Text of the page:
OLYMPIA — Legislation passed unanimously today by the Senate directs the state Department of Labor & Industries to adopt rules to accommodate workers at construction sites who menstruate or need to express milk.

HB 2266, the bill passed today, is the companion to SB 6107, sponsored by Sen. Annette Cleveland (D-Vancouver), who said the bill reflects workplace needs she experienced personally.

“When I was a new mom, I returned to work after my daughter was born and I struggled to find a safe, sanitary place to express milk,” Cleveland said. “I recall trying to express milk in my car in a busy parking lot while feeling distressed and stressed and very alone. This is a memory I will never forget.”

While many workplaces have adopted more supportive policies over the years, providing accommodations remains a challenge for certain professions, including the building trades, Cleveland said.

“More and more women are filling jobs in what has historically been a male-dominated industry, but there are still obstacles that discourage women who might otherwise pursue a career in construction,” Cleveland said. “Addressing these basic needs will remove a deterrent for many would-be applicants who could provide skills and training in high demand in construction.”

The bill was modified on the Senate floor to give the Department of Labor and Industries flexibility in setting minimum accommodation standards that are appropriate for jobs sites of different sizes. The bill now goes back to the House for a vote on the Senate changes before it can be sent to Gov. Jay Inslee to be signed into law.

The safety and health standards adopted by the department must include:

  • a minimum size bathroom, accessible on the jobsite, that is equivalent to a standard sized portable chemical toilet, or access to a permanent structure with a bathroom, with an internal latch to prevent inadvertent entry;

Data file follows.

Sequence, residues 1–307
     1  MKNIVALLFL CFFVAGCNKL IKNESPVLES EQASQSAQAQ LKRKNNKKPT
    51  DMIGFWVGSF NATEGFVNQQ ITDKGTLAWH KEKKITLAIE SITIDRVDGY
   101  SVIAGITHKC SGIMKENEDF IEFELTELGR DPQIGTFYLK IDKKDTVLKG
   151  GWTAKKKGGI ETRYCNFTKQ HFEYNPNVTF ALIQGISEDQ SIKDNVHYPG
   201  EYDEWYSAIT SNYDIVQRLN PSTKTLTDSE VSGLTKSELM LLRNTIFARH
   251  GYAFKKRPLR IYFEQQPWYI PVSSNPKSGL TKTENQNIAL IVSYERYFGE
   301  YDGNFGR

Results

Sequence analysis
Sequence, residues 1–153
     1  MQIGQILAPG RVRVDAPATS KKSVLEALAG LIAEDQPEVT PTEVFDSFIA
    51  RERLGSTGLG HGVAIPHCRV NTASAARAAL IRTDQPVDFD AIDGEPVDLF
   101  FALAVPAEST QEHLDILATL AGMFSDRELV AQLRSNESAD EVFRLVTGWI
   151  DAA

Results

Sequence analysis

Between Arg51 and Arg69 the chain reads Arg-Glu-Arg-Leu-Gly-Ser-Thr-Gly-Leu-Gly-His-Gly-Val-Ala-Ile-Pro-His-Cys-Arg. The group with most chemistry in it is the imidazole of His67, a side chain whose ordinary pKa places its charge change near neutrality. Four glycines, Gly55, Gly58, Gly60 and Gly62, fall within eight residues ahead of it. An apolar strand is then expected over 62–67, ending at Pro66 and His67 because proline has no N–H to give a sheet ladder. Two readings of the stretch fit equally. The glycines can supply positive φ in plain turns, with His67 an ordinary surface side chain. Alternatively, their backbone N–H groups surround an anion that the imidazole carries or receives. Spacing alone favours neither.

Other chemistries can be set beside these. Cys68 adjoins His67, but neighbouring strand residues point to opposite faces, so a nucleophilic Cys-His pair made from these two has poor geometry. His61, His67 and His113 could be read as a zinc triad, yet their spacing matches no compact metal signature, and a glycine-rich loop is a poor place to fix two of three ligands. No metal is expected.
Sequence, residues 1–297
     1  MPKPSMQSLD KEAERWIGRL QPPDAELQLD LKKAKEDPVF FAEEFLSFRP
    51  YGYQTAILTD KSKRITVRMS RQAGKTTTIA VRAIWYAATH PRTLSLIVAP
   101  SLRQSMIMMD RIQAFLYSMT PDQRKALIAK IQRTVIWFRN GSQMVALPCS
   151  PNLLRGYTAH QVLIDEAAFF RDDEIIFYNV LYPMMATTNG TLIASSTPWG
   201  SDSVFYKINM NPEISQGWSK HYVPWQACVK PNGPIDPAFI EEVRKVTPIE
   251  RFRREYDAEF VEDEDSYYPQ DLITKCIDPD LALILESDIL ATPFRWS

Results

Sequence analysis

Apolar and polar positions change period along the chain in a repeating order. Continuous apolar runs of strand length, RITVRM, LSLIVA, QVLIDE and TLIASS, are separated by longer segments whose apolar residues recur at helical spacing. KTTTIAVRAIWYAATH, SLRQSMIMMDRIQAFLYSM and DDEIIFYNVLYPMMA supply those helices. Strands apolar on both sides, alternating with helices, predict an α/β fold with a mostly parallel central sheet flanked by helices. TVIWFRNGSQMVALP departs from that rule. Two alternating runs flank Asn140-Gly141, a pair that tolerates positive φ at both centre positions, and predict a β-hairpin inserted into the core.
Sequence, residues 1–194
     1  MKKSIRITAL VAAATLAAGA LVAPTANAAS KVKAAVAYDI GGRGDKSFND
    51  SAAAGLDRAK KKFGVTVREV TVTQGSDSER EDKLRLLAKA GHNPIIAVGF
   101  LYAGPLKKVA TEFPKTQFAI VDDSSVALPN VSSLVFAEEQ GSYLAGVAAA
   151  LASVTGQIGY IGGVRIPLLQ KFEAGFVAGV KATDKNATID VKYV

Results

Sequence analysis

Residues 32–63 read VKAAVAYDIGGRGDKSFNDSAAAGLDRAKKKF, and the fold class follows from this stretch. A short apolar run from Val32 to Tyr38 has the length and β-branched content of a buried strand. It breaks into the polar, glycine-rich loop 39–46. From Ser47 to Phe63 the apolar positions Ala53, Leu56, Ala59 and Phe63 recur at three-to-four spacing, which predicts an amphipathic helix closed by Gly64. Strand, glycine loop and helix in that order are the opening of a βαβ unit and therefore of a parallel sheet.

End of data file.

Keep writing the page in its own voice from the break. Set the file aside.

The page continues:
• adequate time to accommodate for multiple layers of clothing while using the bathroom; and
  • an adequate and convenient supply of menstrual hygiene products available at no cost to the workers. Menstrual hygiene products must either be stocked in all gender-neutral and women’s bathrooms, or provided in kits for each worker who needs them.

Accommodations required for workers who need to express milk must include:

  • flexible work schedules and work guidelines to allow the expression of milk;
  • a convenient and sanitary location, other than a bathroom, where a worker can express milk, that is private and free from intrusion;
  • convenient hygienic refrigeration on the worksite for storing expressed milk; and
  • a convenient water source, in a private location near the location where milk is expressed, for cleaning hands and milk expression equipment.

The new safety standards apply only to employers in the construction industry. On multi-employer worksites, each employer is responsible for providing facilities for its own workers.

“This is about basic fairness for workers regardless of gender, but it’s also about giving employers better workforce options,” Cleveland said. “Removing barriers at construction sites will enlarge the pool of job seekers from which employers can then choose the very best qualified.”